Recently we sat down with Mike Flanagan, the new chief product officer (CPO) for Mastery Transcript Consortium, for a discussion about his role and the opportunities and challenges he sees ahead in his work to build, test, and expand the use of the Mastery Transcript. Mike joined the team officially on September 5, 2017, but had already attended the first site directors’ meeting in August, eager to meet and learn from educators who are currently leading discussions about the digital transcript in their school communities. A seasoned educational technology executive with more than 20 years of experience, Mike most recently served as CEO of the School and Student Services (SSS) Division for National Association of Independent Schools (NAIS). But he also brings to his new role two other important experiences: He started his career as a teacher at Iolani School in Hawaii, and is the father of two boys, Liam, age 15, who is a sophomore in high school, and Brendan, age 13, who is in the eighth grade.
There were two very appealing factors about MTC: The opportunity to have a positive impact on the high school experience and the quality of the MTC team. I have two sons—one each in high school and middle school—and even though they aren’t applying to colleges yet, their mom and I see how the process has changed since we went through it as teenagers, and it worries us. MTC’s plan to introduce a new digital transcript, which will center on mastery credits rather than letter grades, is a massive undertaking. But it’s an important one for today’s students—and I’m really impressed by how far Scott, Trish, and the rest of the team have come in such a short time.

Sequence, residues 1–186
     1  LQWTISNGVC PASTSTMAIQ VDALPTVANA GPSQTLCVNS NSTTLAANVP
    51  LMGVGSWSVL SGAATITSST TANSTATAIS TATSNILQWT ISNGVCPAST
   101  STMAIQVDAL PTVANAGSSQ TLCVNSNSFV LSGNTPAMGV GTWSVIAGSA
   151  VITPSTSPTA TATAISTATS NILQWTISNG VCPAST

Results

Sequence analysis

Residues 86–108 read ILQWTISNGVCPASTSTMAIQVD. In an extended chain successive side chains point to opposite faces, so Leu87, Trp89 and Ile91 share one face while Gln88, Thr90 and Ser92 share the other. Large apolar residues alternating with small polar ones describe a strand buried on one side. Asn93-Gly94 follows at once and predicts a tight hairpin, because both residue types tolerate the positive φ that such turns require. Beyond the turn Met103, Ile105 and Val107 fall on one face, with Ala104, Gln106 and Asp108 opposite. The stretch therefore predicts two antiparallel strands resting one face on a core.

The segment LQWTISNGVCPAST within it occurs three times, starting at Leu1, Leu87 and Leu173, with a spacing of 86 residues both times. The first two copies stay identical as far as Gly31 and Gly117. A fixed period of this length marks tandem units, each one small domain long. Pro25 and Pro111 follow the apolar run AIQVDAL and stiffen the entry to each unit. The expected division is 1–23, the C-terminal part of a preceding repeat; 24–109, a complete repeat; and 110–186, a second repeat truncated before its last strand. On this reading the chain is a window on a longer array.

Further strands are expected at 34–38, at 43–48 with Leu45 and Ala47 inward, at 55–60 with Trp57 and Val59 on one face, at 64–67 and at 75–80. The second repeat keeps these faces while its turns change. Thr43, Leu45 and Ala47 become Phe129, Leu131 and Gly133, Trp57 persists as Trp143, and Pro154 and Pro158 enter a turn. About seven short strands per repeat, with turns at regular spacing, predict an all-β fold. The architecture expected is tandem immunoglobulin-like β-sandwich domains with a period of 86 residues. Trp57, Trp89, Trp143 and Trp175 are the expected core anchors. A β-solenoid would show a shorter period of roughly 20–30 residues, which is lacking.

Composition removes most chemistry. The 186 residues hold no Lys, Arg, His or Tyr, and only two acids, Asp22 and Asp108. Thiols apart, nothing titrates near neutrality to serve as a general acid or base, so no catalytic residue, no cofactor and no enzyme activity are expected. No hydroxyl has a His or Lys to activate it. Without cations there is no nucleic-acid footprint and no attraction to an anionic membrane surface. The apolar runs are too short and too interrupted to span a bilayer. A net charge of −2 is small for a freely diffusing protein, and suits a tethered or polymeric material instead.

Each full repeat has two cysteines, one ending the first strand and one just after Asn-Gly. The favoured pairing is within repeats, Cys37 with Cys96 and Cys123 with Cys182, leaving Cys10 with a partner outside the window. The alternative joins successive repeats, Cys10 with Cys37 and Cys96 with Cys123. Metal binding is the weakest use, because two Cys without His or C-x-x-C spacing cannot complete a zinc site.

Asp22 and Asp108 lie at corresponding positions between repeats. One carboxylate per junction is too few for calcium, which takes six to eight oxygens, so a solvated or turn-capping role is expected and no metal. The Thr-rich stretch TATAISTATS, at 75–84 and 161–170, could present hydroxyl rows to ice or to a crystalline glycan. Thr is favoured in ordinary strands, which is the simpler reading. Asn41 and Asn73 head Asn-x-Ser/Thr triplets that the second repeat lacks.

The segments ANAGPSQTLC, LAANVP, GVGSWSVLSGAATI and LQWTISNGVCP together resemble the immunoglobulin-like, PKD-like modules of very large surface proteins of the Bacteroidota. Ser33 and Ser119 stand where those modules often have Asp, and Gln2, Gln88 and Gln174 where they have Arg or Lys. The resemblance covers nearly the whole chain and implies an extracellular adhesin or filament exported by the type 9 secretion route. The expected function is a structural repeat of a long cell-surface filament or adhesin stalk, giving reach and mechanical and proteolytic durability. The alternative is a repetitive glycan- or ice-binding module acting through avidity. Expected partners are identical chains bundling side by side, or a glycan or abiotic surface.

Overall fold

My professional life has followed a pretty non-traditional path, which is a nice way of saying I have an odd-looking resume. I started by teaching English at an independent school and again at a university, but I then “swerved” and started a technology consulting company with some friends, where we helped very large organizations like Microsoft, Boeing, and United Airlines use technology to train and enable their employees. Most recently, I spent eight years at NAIS, leading a team that rebuilt the financial aid software that most of our member schools use to make award decisions for their applicant families. Here at MTC, we’re aiming to build a scalable, digital transcript that faculty can use in their everyday teaching, and we also have a responsibility to help coach and train faculty to work within a mastery-based-learning model. As a result, I expect to draw upon lessons from all of my previous experiences.